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Well the title about states it all. Anyone out there been cutting and drying and processing their own?? Besides me? I'm still trying to learn how. But so far I've given it a try on Redgum (also called sweet gum) and some holly. Harold Hahn wrote in his book about getting branch cut offs from his neighbor's apple tree to use. Yes it's a lot of work and time and effort but..

 

Well anyone else? Lets post about it. If no interest then the thread dies, I understand.

 

Later Tim

Edited by Tim C
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I like milling my own wood, but I'm not up to harvesting it myself.  I understand that for some of the woods there are some special issues.  For instance if holly isn't harvested in the right season, and I think kiln dried, it ends up with grey spots.  I value my hands enough that I'm not going to use a chain saw, and haven't split logs since boy scout camp a LONG time ago.  It is a cool thing to do, and I wish you the best of luck.

 

Dave

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Dave
Thanks for the share about Holly Wood and your concern about it going bad in your builds. That's why I'm trying to get this going to I can learn and share with others.

Myself I cut down a couple of Sweet Gum trees and then cut everything up let sit for a copy of years then been slowly working on resizing them to something that I can use. Also cut some of that Holly that you were talking about. Going to have to double check the holly before I do anything major with it.

Still trying to learn. Thanks for your post.

 

Later Tim

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I tried harvesting some peach, pear and apple, but I didn't use it. Mainly, my ship model wood has either given to me or I find it in cabinet shop scrap piles. The only stuff I buy is boxwood and ebony

 

Anybody want some 1" x 6" by 6' planks of basswood?

 

Thanks,

 

Harvey

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One of the dangers of not cutting the wood fairly early is the potential for the log to check often badly. I have found that by cutting the wood into fairly decent sized billets or planks depending on how big the log is is to sticker it and stack it in the open air but sheltered from the weather. even if it is a small log say 2 to 3 inches in diameter, Cutting it up into 12 to 18 inch lengths and then re sawing it into some planks, then using some Popsicle sticks as stickers, and hold the lot together with some bicycle inner-tube rubber bands will help the wood to dry more evenly. It is also good to put paraffin wax on the ends of the boards to slow down the rapid evaporation from the ends.

 

I have dried Maple, Yew, Apple, cherry, Lilac(absolutely beautiful wood) Willow, Birch Poplar and Spruce. it is fun being able to harvest your own wood

 

Michael

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I have 3 logs each about 8ft long and 10 to 25 inch in dia of Black Walnut that I had cut down this winter. Need to finish cutting it up into board and stacking with strips between before it is to late. It will be awhile but will let you know how it turns out.

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Pete, sounds like you will have enough black walnut to build a full scale ship! Did you coat the log ends with a sealer? i heard that B.W. should be coated farily soon after cutting. i had some cut a while back and didnt coat the ends, i lost a few inches on each end due to checking but there was still a lot of usable material. You can't beat the color of air dried black walnut though, the big guys usually steam it to even out the color and to me kind of makes the color bland.

 

They say for every inch of thickness you need a year to air dry down to a stable moisture content. I actually have had good sucess drying small quantities of wood in my attic, i let it air dry outside under cover for a couple months, then move into the attic in the summer months, just dont overload your rafters ;)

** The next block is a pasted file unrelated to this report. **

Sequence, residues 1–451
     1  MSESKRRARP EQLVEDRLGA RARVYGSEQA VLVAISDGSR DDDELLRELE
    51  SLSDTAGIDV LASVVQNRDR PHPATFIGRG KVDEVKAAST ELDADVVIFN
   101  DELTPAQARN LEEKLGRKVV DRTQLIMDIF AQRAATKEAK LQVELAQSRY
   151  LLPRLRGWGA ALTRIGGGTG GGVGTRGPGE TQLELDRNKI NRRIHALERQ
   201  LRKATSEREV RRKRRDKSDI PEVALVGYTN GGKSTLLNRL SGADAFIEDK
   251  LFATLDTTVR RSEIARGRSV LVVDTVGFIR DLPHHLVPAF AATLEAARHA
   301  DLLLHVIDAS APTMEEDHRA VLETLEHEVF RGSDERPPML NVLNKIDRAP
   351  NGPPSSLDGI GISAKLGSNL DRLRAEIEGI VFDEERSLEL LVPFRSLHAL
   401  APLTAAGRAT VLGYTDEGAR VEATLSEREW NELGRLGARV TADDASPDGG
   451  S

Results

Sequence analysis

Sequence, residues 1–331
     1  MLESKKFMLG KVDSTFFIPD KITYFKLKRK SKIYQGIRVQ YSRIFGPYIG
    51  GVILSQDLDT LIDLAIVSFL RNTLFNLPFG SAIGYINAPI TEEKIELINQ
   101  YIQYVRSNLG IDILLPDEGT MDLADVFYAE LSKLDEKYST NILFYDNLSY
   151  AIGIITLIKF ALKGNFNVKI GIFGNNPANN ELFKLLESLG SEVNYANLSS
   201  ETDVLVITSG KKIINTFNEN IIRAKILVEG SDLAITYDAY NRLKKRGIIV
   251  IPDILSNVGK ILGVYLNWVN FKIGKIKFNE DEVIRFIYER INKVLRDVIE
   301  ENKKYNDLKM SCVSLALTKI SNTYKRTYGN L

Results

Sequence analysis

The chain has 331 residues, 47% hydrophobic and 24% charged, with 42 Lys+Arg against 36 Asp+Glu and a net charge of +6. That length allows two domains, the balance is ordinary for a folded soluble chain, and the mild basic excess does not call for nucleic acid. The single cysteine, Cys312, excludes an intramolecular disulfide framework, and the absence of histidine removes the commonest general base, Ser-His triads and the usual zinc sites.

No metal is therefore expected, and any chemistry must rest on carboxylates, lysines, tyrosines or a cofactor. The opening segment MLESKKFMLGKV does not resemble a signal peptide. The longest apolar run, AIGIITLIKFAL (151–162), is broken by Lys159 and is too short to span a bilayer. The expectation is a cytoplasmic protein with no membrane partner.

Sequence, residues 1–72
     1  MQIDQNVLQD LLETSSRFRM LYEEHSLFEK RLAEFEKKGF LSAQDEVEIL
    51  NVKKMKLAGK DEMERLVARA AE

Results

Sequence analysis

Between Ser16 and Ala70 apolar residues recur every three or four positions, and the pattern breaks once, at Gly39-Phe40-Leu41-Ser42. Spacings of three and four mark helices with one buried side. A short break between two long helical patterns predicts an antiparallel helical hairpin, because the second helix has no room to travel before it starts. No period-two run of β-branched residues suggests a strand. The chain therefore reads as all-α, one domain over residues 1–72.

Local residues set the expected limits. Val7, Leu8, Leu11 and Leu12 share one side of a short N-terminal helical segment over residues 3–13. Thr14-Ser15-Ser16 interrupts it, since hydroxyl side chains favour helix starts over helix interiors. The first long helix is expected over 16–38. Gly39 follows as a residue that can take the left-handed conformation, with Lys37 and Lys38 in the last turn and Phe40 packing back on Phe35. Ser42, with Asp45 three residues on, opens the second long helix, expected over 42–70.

Buck, i would think if the tree hasn't been "dead" very long it should be ok, and if its off the ground your chances improve that it hasnt started to rot yet, you may notice holes in the cherry as bugs often like the dead trees.

 

Brad

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From everything that I have heard coating the ends of your wood with either wax or paint is a must at the very start. I cut down a couple of sweetgum and split them and then cut them into planks to let dry. Still working on those. Have not found an easy way to do this yet, still learning.

 

Later Tim

Edited by Tim C
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I cut all my timber, some from logs and some from recycled timber. I have a stack of logs from fruit trees including apple, plum and pear that are nearly dried and ready to mill. Some of the logs in the shed are native timbers I have aquired and are aprox 700mm across and 500mm long. They have been there for about 5 years so far, and will need a few more before they are ready to use. I do a bit of woodturning and these larger pieces will go on the lathe once dry, the off cuts get cut down for the ship building.

The time left drying is normally about 1 year per inch of thickness, but this can vary on the density of the species. Sealing the end grain should be done to prevent splitting and checking as mentiond above. I normally use a bit of acrylic paint and this works well, have tried wax but always have paint on hand. 

The recycled timber came from house renovations, native timber beams that are aprox 50 years old so nice and dry.

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nothing much else to say you have all said it with the exception of making an drying cupboard you can build a frame with racks for the wood  and in the bottombuild a box with two light bulb fittings in the top have holes for the heat then cover the whole thing with polethene make sure you have the ends of the wood coated either with wax or paint if in planks use strips in between to let air ciculate around plug in and tape up, another alternative is an airing cupboard if there is room in there,

this is the equivalent of home kiln drying, I have stacks of holly been under my shed now for around 4 years ready to come inside for a while now, also best part of 1/4" ton of mahogany in my loft been there for about the same length of time will have to dig out a plank to cut up,

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Michael

Wish that you were in my area so we could talk and maybe swap some wood, but I'm in Fla and from the woods that you are talking about I don't believe your in Fla. Glad you enjoy doing it. Tell us some more on what you are doing some time.